Suicide is an important public health hazard worldwide. A 4-year retrospective study from January 2000 to December 2003 was conducted to identify the favored methods in realized suicides among males and females in the west coastal region of India. During the study period, a total of 539 cases of suicidal deaths were autopsied. Males were predominantly affected (male: female - 1.9:1). The age of the victims ranged from 13 to 90 years in males (mean = 40.1 years, median = 37.0 years) and 15 to 85 years in females (mean = 36.6 years, median = 32.0 years). Most favored method of suicide amongst males and females was hanging (36.9%, n = 199) followed by poisoning (34.7%, n = 187). Male dominance was apparent for each method of suicide except for self-immolation. Males were relatively more likely to use hanging and poisoning while females were more likely to prefer drowning and self-immolation as methods of suicide. Relatively younger females (mean = 33.0 years, median = 32.0 years) preferred hanging as a method of suicide when compared to males (mean = 42.4 years, median = 40.0 years). Among females, significantly younger females resorted to hanging when compared to older females who preferred drowning. On investigating the various theories proposed for choice of suicide methods in males and females in different regions we conclude that preference of method of suicide in men and women is complexly determined. In this region, availability, accessibility, popularity, and socioacceptability seem to be the major determinants in the choice of methods among males and females rather than violence associated and lethality of the method. Females were as likely to use lethal and violent methods as males in this region.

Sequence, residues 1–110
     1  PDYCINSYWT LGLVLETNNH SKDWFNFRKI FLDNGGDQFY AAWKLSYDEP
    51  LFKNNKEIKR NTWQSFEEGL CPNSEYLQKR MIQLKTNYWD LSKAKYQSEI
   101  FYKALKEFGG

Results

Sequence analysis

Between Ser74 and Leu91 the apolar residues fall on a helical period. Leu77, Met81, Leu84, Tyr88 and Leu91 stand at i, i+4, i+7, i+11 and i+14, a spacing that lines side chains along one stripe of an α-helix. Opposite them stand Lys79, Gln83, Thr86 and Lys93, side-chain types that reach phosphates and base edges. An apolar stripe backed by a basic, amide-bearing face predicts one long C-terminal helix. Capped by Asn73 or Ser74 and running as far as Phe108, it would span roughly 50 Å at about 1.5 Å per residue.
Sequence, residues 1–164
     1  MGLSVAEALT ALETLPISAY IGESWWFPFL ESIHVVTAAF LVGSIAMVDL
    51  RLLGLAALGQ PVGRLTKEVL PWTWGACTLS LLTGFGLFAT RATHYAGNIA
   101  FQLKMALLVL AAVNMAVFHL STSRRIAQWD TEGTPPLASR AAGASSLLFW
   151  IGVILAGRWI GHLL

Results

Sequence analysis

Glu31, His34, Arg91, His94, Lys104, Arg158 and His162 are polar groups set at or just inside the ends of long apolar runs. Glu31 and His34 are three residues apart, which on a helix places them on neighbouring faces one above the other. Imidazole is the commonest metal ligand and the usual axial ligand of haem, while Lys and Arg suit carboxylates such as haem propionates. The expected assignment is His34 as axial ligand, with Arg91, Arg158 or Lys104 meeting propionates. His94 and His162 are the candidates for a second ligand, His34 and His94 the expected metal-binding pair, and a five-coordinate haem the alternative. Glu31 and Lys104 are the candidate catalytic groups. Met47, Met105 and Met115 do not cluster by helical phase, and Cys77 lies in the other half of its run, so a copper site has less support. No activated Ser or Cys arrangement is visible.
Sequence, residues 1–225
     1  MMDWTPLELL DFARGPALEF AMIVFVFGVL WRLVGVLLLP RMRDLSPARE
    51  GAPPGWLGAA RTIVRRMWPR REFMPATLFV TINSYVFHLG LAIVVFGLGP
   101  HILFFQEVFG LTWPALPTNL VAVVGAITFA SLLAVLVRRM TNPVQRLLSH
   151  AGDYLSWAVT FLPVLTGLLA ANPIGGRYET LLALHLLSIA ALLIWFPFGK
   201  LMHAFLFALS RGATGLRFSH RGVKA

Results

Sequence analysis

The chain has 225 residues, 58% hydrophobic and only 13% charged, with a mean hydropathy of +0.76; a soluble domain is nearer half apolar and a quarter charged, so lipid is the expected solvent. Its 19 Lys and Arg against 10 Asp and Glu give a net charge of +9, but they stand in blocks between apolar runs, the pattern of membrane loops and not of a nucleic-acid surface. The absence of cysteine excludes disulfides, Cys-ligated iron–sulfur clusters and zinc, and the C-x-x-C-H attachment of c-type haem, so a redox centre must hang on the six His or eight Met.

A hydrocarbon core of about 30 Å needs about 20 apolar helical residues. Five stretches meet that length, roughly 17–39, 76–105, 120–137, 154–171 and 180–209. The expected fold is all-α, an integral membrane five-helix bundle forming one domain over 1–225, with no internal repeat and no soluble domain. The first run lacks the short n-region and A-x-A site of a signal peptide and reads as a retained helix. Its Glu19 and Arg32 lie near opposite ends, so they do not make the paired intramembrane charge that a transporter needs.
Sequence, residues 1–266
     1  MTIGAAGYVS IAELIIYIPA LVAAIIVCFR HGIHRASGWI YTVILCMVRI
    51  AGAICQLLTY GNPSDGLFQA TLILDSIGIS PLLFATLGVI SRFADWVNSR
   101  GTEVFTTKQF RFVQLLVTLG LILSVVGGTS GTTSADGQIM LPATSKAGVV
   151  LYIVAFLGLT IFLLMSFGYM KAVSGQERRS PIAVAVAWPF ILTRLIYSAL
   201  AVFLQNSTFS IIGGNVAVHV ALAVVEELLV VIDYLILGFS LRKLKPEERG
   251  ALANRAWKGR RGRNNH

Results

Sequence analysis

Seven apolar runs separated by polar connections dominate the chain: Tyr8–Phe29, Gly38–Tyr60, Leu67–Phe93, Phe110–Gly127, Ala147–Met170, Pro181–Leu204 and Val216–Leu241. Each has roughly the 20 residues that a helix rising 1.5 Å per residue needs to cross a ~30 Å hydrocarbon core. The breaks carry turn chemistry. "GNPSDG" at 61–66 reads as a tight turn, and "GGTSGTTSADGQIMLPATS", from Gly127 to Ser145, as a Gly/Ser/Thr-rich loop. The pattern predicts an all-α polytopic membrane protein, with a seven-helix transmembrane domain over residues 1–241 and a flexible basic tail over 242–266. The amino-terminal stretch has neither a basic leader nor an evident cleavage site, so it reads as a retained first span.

All Science Journal Classification (ASJC) codes
- Pathology and Forensic Medicine